Catholic League On Bill Maher's 'Anti-Catholic' Jokes: Time Warner Must Have 'A Serious Talk' With Him

The Catholic League is mad as hell and they aren't going to take it anymore. Bill Maher, host of HBO's "Real Time", has apparently made one too many jabs at the expense of Catholics, particularly priests, and the League has decided it's time for it to stop.

Ever since Pope Benedict announced he was resigning, Maher has found plenty of fodder for material. He told Catholics during his "New Rules" section of the February 15 episode of "Real Time", "If the Pope can quit, it’s okay for you to quit too." He then went on to discuss the resignation saying, "Now…as you all know, this week, Pope Benedict told Vatican Radio... he was going to resign because the Church needs a fresh, young face, somewhere other than a priest’s lap."

It's jokes like that which have continuously angered members of the Catholic League. In a letter to Glenn A. Britt, Chairman and CEO of Time Warner Cable, League president Bill Donohue demands that someone have "a serious talk" with Maher.

Donohue's letter reads in part:

There is no other entertainer in the nation who has repeatedly spoken about the Catholic Church, especially its priests, in more vile and obscene terms than Bill Maher. Vicious beyond belief, his remarks would be condemned – indeed he would be fired – if directed at any other demographic group. Over and over again he libels [sic] priests, portraying all of them as sexual abusers. And he does so with impunity.

The letter was accompanied by another document entitled "Bill Maher's History of Anti-Catholicism, 1998-2013". The report quotes 39 instances of Maher making jokes critical of Catholicism, priests, the pope and religion in general, from his "Politically Incorrect" days up through his most recent episode of "Real Time":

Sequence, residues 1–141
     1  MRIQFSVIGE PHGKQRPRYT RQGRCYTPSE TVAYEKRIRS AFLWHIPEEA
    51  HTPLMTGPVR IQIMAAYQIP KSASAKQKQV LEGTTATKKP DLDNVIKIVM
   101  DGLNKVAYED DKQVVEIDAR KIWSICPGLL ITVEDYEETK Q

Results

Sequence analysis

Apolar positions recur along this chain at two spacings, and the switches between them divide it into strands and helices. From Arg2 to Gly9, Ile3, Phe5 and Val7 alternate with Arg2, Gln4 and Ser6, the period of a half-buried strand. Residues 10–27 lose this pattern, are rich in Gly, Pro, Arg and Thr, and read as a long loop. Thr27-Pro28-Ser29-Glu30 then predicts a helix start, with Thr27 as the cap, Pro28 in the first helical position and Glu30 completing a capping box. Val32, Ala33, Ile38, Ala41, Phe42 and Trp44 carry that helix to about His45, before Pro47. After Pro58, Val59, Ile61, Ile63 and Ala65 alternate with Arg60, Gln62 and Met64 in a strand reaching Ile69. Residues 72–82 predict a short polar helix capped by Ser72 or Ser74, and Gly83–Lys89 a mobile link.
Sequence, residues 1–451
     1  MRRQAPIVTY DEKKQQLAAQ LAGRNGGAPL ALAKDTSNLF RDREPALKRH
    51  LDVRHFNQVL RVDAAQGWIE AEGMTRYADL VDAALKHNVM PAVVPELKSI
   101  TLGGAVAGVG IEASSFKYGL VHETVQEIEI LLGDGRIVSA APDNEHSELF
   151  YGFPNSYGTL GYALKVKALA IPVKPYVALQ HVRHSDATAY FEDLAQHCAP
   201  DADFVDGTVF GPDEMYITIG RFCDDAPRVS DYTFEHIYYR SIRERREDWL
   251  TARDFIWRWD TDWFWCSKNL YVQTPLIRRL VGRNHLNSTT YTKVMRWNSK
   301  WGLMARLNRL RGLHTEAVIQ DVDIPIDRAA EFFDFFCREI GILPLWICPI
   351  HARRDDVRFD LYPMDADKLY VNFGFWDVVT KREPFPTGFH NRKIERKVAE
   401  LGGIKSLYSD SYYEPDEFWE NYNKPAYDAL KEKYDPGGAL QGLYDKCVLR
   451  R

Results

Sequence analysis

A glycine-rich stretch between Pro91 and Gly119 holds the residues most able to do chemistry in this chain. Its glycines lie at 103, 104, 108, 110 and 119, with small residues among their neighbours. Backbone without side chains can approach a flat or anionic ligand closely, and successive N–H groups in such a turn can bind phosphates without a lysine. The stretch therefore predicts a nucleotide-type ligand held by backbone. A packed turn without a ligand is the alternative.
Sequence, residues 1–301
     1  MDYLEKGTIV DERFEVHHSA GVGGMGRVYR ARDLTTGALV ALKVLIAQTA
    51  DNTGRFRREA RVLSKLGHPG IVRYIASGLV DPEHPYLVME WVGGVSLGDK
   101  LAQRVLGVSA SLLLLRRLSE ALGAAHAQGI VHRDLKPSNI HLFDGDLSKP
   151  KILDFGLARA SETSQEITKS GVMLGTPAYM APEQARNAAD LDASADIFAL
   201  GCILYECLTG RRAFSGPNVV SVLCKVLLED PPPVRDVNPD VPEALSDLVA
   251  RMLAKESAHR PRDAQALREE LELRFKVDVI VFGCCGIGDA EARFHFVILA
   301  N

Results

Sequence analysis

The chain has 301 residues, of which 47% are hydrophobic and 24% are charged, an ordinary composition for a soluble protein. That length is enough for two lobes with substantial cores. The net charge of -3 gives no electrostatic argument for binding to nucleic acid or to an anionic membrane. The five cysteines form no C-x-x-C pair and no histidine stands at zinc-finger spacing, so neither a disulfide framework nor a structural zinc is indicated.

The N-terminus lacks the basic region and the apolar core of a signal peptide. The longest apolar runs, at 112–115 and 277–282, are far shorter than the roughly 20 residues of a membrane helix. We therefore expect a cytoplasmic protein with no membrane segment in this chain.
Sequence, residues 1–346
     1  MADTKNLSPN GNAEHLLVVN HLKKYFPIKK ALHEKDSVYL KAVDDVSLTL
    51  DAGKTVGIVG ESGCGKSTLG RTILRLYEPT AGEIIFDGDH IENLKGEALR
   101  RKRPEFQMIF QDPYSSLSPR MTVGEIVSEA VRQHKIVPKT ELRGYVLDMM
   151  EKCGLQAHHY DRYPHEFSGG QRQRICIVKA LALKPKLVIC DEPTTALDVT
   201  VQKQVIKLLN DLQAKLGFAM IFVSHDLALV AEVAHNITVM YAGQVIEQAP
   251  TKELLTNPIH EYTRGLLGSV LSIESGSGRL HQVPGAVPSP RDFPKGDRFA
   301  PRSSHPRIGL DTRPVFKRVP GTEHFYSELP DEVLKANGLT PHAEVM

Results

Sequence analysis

What other business could you be in where your company gets caught running a child sex ring since forever and you still keep your customers?

Maher, a self-described agnostic who was raised Catholic, has made his anti-religious views one of the motifs of his comedy and political commentary over the years. He sits on the advisory board for Project Reason, a "nonprofit foundation devoted to spreading scientific knowledge and secular values in society." In his 2008 film "Religulous", he took a mocking look at all faiths, ultimately calling for more religious skepticism.

Nevertheless, Donohue maintains that Catholicism has been unduly singled out by Maher to a degree that demands Time Warner Cable's attention. The letter continues:

Catholics need to know just how far Time Warner is prepared to play the role of spectator. Does stewardship not count at all? HBO has been contacted many times, but nothing changes.... The time has come for someone in a position of responsibility to sit down and have a serious talk with this man.

Founded in 1973, the Catholic League is "the nation’s largest Catholic civil rights organization", seeking to defend "the right of Catholics – lay and clergy alike – to participate in American public life without defamation or discrimination."

However, Donohue's letter may be incorrectly addressed, as Time Warner Cable split off from Time Warner (HBO's parent company) in 2009. So Britt, who is speculated to step down from the cable company at the end of this year anyway, has no authority over Maher, anyway.

You can read the League's full list of Maher's "Anti-Catholic" jokes here.

CORRECTION: An earlier version of this story incorrectly identified Glenn A. Britt as the CEO of Time Warner, not Time Warner Cable, and the distinction between the two companies was not clear. The story has been updated to reflect Britt's proper role.

Wayne Brady

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